The question presented in this appeal is whether Congress retroactively preempted franchise provisions governing the number of cable television channels and general programming categories to be carried on a basic service tier. This is not a question Congress directed to the Federal Communications Commission (FCC), nor does it require interpretation of any FCC rule or regulation.*fn2 Further, unlike the situation in Action for Childrens Television v. F.C.C., 827 F. Supp. 4 (D.D.C. 1993), aff'd, 313 U.S. App. D.C. 261, 59 F.3d 1249 (D.C. Cir. 1995), Ellensburg is not claiming that an FCC policy, practice or order violates the Cable Acts, which triggers the exclusive jurisdiction provisions of 28 U.S.C. § 2342(1); 47 U.S.C. § 402(a). Our review is not precluded either on jurisdictional
grounds or pursuant to the doctrine of primary jurisdiction.*fn3
 There are no disputed facts in these appeals. Only issues of law are presented. Issues of law decided on summary judgment are reviewed de novo. Rice v. Dow Chem. Co., 124 Wash. 2d 205, 208, 875 P.2d 1213 (1994).
Before addressing the parties' remaining contentions, it is helpful to begin with a brief overview of the regulation of cable television.
Statutory Background. Until 1984, the regulation of the cable television industry was an amalgam of local, state and federal regulations, with most regulation taking place through the local franchise process. H.R. Rep. No. 628, 102 Cong., 2d Sess. 29 (1992). See generally Robert F. Copple, Cable Television and the Allocation of Regulatory Power: A Study of Government Demarcation and Roles, 44 Fed. Comm. L.J. 1 (1991). In 1984, Congress passed the Cable Communications Policy Act, Pub. L. No. 98-549, 98 Stat. 2779 (codified at 47 U.S.C. §§ 521-559) (1984 Cable Act), thereby establishing a national policy concerning cable communications. The 1984 Cable Act retained the local, state and federal regulatory system established by the FCC in the 1970s, although the exercise of local authority was more restricted. Rates for basic cable television services were deregulated where there was "effective competition" as defined by the FCC.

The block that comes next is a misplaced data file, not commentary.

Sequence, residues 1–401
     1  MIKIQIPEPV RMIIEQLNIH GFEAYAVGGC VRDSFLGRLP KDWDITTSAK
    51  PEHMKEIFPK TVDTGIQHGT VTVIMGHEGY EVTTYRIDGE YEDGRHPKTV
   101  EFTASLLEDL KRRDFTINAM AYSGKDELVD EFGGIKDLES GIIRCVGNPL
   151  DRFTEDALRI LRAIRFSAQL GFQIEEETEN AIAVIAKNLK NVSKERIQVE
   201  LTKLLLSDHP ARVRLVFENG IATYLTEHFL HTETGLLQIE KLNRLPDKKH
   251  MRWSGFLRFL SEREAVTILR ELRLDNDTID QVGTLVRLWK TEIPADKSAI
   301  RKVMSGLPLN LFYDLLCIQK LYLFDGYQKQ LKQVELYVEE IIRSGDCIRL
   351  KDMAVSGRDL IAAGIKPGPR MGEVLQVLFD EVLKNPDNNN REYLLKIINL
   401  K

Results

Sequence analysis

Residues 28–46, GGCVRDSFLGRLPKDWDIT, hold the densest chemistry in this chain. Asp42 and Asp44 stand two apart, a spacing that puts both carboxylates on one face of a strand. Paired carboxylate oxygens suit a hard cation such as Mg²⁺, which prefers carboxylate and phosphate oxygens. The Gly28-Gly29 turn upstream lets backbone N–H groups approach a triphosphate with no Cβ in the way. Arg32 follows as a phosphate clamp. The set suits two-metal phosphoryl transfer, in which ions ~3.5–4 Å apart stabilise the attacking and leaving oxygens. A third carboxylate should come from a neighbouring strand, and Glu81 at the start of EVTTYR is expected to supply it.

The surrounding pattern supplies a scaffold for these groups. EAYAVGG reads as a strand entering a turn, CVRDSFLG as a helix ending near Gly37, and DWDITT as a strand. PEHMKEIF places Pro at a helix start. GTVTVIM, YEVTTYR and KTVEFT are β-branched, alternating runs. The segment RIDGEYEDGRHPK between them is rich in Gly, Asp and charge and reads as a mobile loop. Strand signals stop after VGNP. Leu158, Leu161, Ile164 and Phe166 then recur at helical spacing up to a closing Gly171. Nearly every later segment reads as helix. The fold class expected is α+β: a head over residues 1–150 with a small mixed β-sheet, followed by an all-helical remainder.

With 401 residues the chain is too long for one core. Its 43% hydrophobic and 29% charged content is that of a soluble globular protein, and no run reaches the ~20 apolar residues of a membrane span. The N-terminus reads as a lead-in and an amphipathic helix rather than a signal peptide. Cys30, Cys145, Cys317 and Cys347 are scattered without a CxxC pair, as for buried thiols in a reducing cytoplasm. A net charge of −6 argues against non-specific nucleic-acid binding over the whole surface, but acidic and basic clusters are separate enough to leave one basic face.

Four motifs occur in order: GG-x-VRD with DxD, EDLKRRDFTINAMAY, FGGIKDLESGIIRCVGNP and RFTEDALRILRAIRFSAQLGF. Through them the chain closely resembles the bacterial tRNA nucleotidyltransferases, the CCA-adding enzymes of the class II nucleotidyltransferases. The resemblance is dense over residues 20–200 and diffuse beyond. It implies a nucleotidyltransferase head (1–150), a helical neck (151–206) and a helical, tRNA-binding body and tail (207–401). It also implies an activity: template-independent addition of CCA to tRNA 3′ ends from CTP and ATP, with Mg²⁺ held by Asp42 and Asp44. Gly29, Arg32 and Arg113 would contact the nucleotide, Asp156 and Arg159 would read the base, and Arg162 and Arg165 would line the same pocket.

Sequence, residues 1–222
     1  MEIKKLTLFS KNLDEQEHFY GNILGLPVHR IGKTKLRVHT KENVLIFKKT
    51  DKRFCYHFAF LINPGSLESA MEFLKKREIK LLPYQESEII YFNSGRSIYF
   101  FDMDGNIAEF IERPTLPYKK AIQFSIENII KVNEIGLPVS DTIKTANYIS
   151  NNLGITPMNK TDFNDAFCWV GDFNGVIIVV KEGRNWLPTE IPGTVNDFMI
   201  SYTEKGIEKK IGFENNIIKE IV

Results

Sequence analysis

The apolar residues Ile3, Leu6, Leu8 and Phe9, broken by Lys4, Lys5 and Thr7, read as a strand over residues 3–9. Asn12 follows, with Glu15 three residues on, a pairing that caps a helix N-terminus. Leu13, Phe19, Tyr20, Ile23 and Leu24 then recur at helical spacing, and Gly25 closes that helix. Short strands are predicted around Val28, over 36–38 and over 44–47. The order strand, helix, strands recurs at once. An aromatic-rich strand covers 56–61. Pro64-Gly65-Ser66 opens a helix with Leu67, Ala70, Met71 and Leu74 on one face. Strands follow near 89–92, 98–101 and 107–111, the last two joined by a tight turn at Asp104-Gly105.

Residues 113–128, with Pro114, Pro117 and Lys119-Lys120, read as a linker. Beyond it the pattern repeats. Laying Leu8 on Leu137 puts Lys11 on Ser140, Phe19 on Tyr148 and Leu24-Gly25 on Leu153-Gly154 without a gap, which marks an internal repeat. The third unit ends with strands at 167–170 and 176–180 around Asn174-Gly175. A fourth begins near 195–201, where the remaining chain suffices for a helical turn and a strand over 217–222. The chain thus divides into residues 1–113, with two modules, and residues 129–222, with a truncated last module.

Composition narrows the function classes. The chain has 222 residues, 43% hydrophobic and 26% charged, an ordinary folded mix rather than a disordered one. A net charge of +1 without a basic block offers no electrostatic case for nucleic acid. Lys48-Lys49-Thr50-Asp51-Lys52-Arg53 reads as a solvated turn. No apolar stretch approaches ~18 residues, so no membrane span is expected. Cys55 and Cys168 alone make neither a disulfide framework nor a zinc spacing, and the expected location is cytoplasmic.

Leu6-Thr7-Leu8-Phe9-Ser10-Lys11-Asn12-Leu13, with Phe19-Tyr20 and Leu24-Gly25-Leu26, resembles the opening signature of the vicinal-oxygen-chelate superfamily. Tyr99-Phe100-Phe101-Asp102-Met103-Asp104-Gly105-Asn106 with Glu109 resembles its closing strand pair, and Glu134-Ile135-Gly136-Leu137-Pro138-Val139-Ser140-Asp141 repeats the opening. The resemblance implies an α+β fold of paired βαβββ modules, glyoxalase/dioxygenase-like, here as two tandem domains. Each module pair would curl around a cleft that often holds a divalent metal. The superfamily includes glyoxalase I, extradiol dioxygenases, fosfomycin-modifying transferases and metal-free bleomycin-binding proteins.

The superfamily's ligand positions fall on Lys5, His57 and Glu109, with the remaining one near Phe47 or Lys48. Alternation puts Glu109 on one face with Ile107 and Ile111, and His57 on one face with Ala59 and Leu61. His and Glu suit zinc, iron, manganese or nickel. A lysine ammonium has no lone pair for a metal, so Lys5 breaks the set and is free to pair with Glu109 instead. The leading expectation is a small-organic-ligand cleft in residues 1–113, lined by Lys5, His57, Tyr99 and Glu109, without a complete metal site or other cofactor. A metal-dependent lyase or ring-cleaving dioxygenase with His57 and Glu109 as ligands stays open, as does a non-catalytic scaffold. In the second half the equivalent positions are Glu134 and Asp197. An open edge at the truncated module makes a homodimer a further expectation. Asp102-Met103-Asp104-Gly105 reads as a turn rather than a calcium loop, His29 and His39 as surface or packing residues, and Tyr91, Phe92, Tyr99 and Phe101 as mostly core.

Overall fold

By 1992, cable rates in approximately ninety-seven percent of the franchises were deregulated. 47 U.S.C. § 521 note (a)(20) (Supp. 1995) (Congressional Findings and Policy: Cable Television Consumer Protection and Competition Act of 1992). With deregulation came a substantial increase in monthly rates and most subscribers had no opportunity to select between competing cable television systems. 47 U.S.C. § 521 note (a)(1), (2) (Supp. 1995). Such occurrences provided the impetus for passage of the 1992 Cable Act. 47 U.S.C. § 521 note (a)(20) (Supp. 1995).
The 1992 Cable Act repealed the deregulatory framework of the 1984 Cable Act, although its provisions go beyond the arena of rate regulation. See Nicholas W. Allard, The 1992 Cable Act: Just the Beginning, 15 Hastings Comm/Ent L.J. 305 (1993); Rafael G. Prohias, Longer than the Old testament, More Confusing than the Tax Code: An Analysis of the 1992 Cable Act, 2 CommLaw Conspectus 81 (1994). Congress expressed the purposes of the 1992 Cable Act in the following terms:
"(1) promote the availability to the public of a diversity of views and information through cable television and ...